But I don’t lose heart and, with frenzied enthusiasm, armed with the power of love and the strength of the righteous, I Iean over the balustrades and lift up each cluster of locks. After an hour, I’m really starting to get sick of all the soppiness. Cupid, come to my aid! With the energy of the desperate, I frantically pull the locks apart, push them away, turn them around. Out of breath and bleeding from the fingers (seriously), I finally spot it, still covered with its adhesive putty.

    YES! Here it is! I could almost cry.

    A massive big-up to J+C (let’s call them Jemima and Cornelius) for helping me to get my hands on the prize. I hope you are still blissfully in love. Alas, my state of mind is somewhat less blissful. I am crying like a baby. You guessed it: the drop is no longer there. Alright… there’s no need to rub salt in the wound.

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     #8 – Port de Suffren: 04/02/2011
    Another bridge, another story? I sincerely hope so as I park up in front of the Pont d’Iéna. This drop was left by VEhF, a “sound artist and electronic musician” to share his music. The instructions are clear: “Facing the Pont d’Iena, go down the stairs which are on your left. Turn right, sit on the first step, relax & download.”

    Well, I sat down, I relaxed, but I couldn’t download. No siree. I’m not even surprised any more. Resigned to another failure, I make my way to the last spot, a bar (quite convenient, that, as a drink wouldn’t go amiss at this point), “Le Dernier Bar avant la Fin du Monde“. Translation: “The Last Bar Before the End of the World”.

     

    #9 – Le Dernier Bar avant la Fin du Monde: 28/08/2013
    Originally installed for a treasure hunt organised by MediaEntity, the USB stick is located in the rather chilly basement, two floors below ground level… Come on, give me something, anything at all – manga porn, IT tutorials, bootleg 8-bit video games – I’m not fussy. I bound down the stairs four at a time. The atmosphere is oppressive, strains of heavy-metal rise up from the dark depths of the lair… Only joking, it’s all very friendly. It was used for a treasure hunt, after all. Finally, I arrive at the bottom…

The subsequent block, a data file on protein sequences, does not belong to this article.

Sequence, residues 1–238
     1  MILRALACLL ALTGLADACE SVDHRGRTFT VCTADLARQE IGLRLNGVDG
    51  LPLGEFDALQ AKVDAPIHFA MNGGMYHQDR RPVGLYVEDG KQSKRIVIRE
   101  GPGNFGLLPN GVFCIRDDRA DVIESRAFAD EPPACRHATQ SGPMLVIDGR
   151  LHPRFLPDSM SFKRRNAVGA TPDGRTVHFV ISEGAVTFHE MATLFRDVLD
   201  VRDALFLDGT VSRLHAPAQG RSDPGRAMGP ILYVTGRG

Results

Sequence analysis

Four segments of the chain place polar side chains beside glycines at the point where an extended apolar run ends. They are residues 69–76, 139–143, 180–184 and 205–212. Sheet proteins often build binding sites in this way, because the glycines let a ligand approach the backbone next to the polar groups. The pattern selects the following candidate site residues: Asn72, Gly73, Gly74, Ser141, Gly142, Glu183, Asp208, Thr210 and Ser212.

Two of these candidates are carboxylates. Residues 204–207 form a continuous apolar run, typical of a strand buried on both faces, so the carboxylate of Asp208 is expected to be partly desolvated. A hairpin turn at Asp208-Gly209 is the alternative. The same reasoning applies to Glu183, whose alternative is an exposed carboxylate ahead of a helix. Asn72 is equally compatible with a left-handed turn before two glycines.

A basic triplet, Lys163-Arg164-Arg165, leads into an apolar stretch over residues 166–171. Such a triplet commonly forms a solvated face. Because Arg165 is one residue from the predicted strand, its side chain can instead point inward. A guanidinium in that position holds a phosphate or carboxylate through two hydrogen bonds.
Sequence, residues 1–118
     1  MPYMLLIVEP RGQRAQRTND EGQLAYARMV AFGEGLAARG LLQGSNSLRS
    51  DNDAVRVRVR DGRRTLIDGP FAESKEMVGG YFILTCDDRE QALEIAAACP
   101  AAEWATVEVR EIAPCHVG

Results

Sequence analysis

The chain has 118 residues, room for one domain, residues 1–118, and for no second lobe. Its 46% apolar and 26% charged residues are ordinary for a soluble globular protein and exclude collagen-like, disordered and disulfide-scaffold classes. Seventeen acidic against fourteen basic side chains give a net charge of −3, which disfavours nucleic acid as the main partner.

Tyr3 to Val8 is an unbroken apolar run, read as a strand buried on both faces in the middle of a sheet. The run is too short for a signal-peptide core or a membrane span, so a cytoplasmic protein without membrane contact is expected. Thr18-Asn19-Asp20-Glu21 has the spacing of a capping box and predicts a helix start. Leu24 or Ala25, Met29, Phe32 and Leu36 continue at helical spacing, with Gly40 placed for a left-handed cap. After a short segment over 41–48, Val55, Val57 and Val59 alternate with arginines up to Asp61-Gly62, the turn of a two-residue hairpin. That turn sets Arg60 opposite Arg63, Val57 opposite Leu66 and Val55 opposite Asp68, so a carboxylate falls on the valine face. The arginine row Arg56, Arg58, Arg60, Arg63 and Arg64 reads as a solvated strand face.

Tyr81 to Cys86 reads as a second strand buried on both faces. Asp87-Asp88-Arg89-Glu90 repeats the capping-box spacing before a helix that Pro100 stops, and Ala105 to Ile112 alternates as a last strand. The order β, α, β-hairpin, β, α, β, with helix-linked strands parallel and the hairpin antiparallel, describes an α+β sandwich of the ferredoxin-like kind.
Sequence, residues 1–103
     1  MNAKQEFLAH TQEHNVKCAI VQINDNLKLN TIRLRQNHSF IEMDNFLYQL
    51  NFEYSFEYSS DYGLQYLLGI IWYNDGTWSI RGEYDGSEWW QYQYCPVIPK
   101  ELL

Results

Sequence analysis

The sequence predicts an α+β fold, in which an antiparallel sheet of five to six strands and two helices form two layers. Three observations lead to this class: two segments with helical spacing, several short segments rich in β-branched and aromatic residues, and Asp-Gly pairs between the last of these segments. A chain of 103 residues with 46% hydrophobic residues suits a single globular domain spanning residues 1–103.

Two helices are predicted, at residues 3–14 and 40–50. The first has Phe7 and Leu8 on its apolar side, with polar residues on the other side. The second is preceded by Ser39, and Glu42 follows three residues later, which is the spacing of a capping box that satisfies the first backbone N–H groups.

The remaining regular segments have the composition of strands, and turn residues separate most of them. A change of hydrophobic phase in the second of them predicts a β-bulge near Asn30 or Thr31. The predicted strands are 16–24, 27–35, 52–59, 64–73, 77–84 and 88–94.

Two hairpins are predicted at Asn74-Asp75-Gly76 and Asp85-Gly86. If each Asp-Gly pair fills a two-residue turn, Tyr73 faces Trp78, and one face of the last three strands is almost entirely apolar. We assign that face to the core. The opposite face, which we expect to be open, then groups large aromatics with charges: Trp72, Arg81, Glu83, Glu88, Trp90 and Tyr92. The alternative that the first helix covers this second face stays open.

GOD BLESS THE GEEKS! The stick is still there, attached to a grating. I hurriedly take out my computer and plug it in. I am overcome by euphoria. At last, an external drive is displayed on my desktop. HALLELUJAH! Dead drop, I salute you!

     

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    OK, so it might not be the find of the century, but there’s quite a range of stuff on the stick. The first issue of Hara-Kiri, a comic based on the video game Injustice – Gods Among Us, a cartoon in English called Adventure Time, made by guys on LSD for kids who might want to take some, and the MediaEntity rulebook. There is also a readme explaining the principle of dead drops, as requested by Aram Bartholl.

    Capture d’écran 2015-05-24 à 23.03.00“This party is so crazy!” said the… the thing with the marshmallow arm

    I left behind a little souvenir, because poetry is life and, as Jean-Pierre Rosnay said: we must make poetry contagious and inevitable. And because I’m super corporate, I also leave an innuendo-laden note with a link to Clique, just to get us a few clicks from the dirty-minded.

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    Now, those of you who have read this far (thanks!), it’s up to you to breathe new life into this admirable concept, in Paris and beyond. Let’s hope this isn’t the last dead drop before the end of the world!

     

    #10 – Bonus • Toxic is (drop) Dead: 09/05/2011
    In 2011, the artist The Toxic Avenger took part in the project by placing a flash drive in front of the Gaîté Lyrique theatre. It contained his first album, before its official release. People were also invited to photograph themselves with the USB stick in the most creative and eccentric way possible to win signed CDs and backstage passes.
    I asked him to explain to me why he did it:

    “I remember being quite excited by the thought of leaving something lying around in the centre of Paris that wasn’t supposed to be there. If some guy had found it and put it on the Internet, it would have ruined my record’s career! There was also a “message in a bottle” element, which is always exciting.
    At the time it was a really marginal project. ”

    :

    The description on the dead drops site begins as follows:

    “Let’s find a new way to share, spread and exchange our music for free. It’s called “peer to peer” and it’s time to take advantage of it!” ”

    Arts Data Paris

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    Norman Clerc
    Journaliste